Climbing ropes and Chromebooks, fish murals and a sea of new faces — these are just some of the new things students will see when they return to school next week.

With summer coming to a close, Ridgefield heads back to school Thursday, Aug. 30 — the first day for kindergarteners through high school freshmen. Sophomores, juniors, and seniors at the high school return to the classroom the following day — Friday, Aug. 31.

Some 4,777 students will storm the halls of the town’s nine schools, with at least 32 new staff members to meet them, according to Interim Superintendent Dr. JeanAnn Paddyfote.

“I’m really excited that the facilities department got everything up and running and that the schools look really clean and very welcoming,” said Paddyfote.

This fall the schools will roll out a new app, “School Dismissal Manager,” that will help school administrators manage school dismissals, Paddyfote said.

The app will allow parents to make changes to their child’s end of day plan electronically, instead

of needing to contact the school. The district hopes to start the program in September or early October, Paddyfote told The Press.

“The staff that I’ve met they’re really dedicated and committed,” said Paddyfote, who took over district leadership from acting superintendent Dr. Robert Miller at the beginning of July.  

“It’s a wonderful district to be in because the parents are really supportive, the students are really engaged.”
Climbing ropes and murals
When students arrive at Farmingville Elementary School, they will be met with a new set of climbing ropes to go along with the gym’s climbing wall.

Principal Susan Gately said the ropes teach kids to work collaboratively and teach cooperative skills.

“It’s [about] challenging yourself and growing,” she said.

A school-wide book will also help welcome back students.

“Only One You,” by Judith Krantz, is the story of a young fish setting out on its own, with a series of lessons on being true to oneself given by the fish’s parents.

At the end of last year, Gately said students and faculty members all cut their own fish from construction paper to decorate the halls of the school.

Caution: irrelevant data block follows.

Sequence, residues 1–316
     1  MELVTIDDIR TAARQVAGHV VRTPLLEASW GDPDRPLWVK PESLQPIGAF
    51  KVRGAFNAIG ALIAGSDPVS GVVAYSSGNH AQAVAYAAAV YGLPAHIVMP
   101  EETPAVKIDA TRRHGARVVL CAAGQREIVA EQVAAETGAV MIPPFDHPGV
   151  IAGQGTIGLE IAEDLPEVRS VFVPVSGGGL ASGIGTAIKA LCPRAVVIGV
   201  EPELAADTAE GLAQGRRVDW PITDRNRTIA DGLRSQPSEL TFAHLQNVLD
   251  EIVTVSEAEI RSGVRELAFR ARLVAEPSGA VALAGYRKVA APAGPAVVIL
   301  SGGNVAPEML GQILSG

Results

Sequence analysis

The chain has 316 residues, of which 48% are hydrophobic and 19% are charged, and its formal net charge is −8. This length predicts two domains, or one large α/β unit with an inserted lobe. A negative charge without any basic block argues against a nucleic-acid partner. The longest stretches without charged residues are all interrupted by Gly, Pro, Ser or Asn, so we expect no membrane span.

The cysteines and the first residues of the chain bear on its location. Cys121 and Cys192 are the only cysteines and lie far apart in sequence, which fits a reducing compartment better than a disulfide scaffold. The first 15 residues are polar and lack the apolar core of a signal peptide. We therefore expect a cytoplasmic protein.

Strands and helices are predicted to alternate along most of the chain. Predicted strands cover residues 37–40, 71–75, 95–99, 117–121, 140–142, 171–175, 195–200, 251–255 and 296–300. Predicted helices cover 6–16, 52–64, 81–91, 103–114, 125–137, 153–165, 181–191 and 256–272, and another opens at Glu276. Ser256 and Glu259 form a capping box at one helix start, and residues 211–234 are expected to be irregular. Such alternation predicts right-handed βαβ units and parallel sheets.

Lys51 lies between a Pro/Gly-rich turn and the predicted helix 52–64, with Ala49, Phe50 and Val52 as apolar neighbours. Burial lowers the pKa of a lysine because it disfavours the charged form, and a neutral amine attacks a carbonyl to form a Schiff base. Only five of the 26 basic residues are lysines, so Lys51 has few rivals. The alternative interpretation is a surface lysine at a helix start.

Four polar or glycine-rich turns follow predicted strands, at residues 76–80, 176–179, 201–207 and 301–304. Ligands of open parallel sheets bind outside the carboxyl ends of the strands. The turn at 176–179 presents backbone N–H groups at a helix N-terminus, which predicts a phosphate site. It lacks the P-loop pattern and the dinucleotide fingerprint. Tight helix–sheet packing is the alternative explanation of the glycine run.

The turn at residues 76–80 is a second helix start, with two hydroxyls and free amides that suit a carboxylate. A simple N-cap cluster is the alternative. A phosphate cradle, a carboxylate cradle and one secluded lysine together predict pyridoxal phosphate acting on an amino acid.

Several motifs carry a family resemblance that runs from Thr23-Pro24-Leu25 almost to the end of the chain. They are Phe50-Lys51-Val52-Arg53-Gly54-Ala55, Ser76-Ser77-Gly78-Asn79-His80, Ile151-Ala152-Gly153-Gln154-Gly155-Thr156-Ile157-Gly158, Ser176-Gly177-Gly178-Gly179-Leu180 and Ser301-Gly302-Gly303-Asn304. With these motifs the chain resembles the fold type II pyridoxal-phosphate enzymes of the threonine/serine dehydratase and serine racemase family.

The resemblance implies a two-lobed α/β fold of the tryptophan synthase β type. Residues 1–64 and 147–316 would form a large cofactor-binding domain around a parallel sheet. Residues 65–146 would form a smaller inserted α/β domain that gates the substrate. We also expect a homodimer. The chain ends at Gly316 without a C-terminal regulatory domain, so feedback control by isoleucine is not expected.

“They remind us to take time to share some wisdom, like ‘Always be on the lookout ... for a new friend,’ and ‘No matter how you look at it … there is so much to discover,’” Gately said.
‘Distributive leadership’
Up at Scotland Elementary School, it’s the staff that are trying something new.

“We’re going to be working on moving toward a distributive leadership,” said Scotland’s Interim Principal Bill Santarsiero. “It’s going to be empowering teachers to be leaders.”

Santarsiero, who took over for Joanna Genovese this summer, said he recently tried the new approach for building the school’s schedule. He sent out an email asking if any teachers would be interested in handling the role.

“They went to town,” he told The Press.

The teachers were able to speed up the time it took them to write the schedule, since they could address any conflicts as they arose, he said.

As for the school?

“It’s looking terrific for the new year,” he said. “We met with new parents, everyone looks ready to go.”
Barlow, Branchville
Kindergarteners at Barlow Mountain Elementary School will not be the only new faces for parents and students to learn — the school is welcoming in nine new faculty members.

The new staff includes a preschool teacher, two school psychologists, a math specialist, a speech therapist, a second grade teacher, a fourth grade teacher, a fifth grade math teacher, and a kindergarten RISE teacher.

“Each school year is unique and this year promises to be an exciting one as well,” said Barlow Mountain Principal Rebecca Pembrook.

At Branchville Elementary School, Principal Keith Margolus said the school had performed some technology and security updates — as well as a number of new air conditioners.

“For the fourth year in a row, we have invested in new books for our classroom libraries,” he said. The library also received some new child-sized furniture after the school board approved a grant from the PTA in early June.
Middle schools
At the two middle schools, the district is preparing new curriculum to go with the state’s updated science standards, which will bring new testing for grades fifth, eighth, and high school juniors in the spring of 2019.

“This curriculum will be phenomena based, and students will begin making sense of their world in an inquiry approach,” said East Ridge Principal Patricia Renari.

She said East Ridge will see five new staff members this year, including two special education teachers, an eighth grade math teacher, a music teacher, and an assistant principal.
RHS
Ridgefield High School is preparing for an assessment of its own in the form of a regional accreditation with the New England Association of Schools and Colleges (NEASC).

“The school will have a primary focus this year on completing the NEASC Accreditation Self-Assessment in preparation for the October 2019 committee visitation” said RHS Principal Stacey Gross. ”This self-reflective process includes essential input from students, staff, and parents.”

The school is also expanding the use of computers for freshman and sophomore students, allowing the students to bring their own devices from home or use a school issued Chromebook. “Through this initiative students and teachers can be immersed in a fully enriched learning environment."

She’s looking forward to the new year.

"The opening of school is always an exciting time. At Ridgefield High School, we look forward to welcoming our students for a dynamic, fun year filled with new learning.”